Fifteen years after the Global Financial Crisis: Recessions and Business Cycles in the History of Economic Thought

“Call them soldiers, call them monks, call them machines”: not mental, but moral accounting matters

Maas Harro, université de lausanne

In a much-cited paper on consumer decision making of the early 1990s, Richard Thaler provocatively embraced Jeremy Bentham and Francis Ysidro Edgeworth’s conception of human beings as ‘sentients’ that basically function like pleasure machines. The paper, “Mental Accounting Matters” relied largely on Tversky and Kahneman’s distinction between two systems, the first thinking too fast, the second more thoughtful, that is still at the basis of many of the theories and empirical investigations of behavioral economists into the fundamental difficulties in correcting for biases in human decision making. The baseline of Thaler and Sunstein’s bestselling Nudge: Improving Decisions about Health, Wealth, and Wellbeing of 2008 is that since the human mind is irreparable, so-called choice architects have to change the environment in what individuals themselves would also consider their best interests. It goes without saying that this theoretical (and empirical) stance has not remained uncontested, that the distinction between both systems is more flexible, or that at birth, we do not have any preference for an SUV over a Fiat Panda hard wired in our brain. Humans need and can be educated to make choices in the first place. Instead of addressing this current criticism, I will go back to Bentham, or in fact, to Benjamin Franklin’s so-called moral algebra as the starting point for a historical tour to investigate what tools and instruments were invented and used to improve an individual’s decisions about health, wealth, and wellbeing. This will bring me to a discussion of the tool based decision making of individuals on important decisions in life, such as what profession to take, whether to marry or not, to immigrate, to vote for or against Brexit, and what price to put on environmental harm. The tools I will discuss comprise pencil and paper, tables, diaries and agendas, exhibitions and questionnaires. The short version that comes out of this tour is that decision making is a distributed practice between individuals and tools which are mostly not of their own making, and that decision making in the marketplace on what car to buy is as historically determined as deciding on the value of nature. It is this distributed practice I try to capture with the notion of moral accounting.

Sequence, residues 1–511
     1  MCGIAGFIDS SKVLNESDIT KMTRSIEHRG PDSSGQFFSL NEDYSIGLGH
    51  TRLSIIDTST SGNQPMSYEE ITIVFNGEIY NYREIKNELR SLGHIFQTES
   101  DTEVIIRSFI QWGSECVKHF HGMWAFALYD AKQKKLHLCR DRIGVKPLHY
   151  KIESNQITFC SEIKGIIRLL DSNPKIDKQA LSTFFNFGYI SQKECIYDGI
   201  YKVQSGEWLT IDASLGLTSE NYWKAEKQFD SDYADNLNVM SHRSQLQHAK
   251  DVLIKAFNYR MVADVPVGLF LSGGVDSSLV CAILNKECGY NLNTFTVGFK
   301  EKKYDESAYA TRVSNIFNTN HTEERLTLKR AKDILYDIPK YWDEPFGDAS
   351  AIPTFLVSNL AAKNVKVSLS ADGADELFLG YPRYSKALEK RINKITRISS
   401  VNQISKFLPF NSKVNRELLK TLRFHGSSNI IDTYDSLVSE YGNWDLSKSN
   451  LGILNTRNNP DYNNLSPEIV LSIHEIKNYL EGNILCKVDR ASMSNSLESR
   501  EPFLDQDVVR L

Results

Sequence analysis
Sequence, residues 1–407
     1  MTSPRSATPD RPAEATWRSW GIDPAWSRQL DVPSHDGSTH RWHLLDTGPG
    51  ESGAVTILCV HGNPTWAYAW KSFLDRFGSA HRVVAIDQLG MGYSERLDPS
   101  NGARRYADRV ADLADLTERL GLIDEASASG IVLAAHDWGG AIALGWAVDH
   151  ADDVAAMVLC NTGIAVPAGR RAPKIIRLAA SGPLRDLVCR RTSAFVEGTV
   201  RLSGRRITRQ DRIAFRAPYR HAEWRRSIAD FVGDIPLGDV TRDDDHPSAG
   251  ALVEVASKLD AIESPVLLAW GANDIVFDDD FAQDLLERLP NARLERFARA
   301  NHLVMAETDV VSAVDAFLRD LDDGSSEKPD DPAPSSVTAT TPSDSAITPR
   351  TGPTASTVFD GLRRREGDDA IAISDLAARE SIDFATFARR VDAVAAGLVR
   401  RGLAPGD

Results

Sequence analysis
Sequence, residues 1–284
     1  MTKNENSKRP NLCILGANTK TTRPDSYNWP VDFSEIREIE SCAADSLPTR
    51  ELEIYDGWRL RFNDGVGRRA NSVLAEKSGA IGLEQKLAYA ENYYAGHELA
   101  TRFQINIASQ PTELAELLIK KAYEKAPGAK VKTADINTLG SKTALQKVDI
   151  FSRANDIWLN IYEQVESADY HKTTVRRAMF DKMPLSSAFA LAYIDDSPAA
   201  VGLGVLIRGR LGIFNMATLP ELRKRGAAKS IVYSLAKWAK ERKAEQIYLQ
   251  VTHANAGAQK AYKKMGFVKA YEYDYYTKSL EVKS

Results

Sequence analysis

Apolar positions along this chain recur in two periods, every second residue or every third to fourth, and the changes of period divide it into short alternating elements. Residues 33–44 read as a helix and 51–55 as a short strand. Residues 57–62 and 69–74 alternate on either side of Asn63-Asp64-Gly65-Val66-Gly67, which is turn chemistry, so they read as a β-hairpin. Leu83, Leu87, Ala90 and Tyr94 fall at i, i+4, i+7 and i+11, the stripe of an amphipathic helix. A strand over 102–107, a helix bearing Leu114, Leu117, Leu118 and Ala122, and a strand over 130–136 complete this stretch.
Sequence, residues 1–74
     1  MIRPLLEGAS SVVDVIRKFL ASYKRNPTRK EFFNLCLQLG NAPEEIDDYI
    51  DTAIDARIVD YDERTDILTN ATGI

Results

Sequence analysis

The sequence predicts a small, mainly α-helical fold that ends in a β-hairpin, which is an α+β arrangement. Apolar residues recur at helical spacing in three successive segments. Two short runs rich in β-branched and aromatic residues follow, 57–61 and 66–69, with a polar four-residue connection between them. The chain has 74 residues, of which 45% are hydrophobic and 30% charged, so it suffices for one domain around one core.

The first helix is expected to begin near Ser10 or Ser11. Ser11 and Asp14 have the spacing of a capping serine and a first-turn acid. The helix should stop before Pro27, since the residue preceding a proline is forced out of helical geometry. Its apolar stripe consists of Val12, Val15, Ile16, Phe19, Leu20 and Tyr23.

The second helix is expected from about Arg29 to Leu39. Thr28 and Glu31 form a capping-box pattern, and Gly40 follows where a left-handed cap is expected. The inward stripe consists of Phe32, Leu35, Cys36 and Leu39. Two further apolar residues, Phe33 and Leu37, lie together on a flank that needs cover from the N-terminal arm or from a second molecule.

Area: Eshet Conference

Keywords: behavioral economics, moral accounting, tool based decision making

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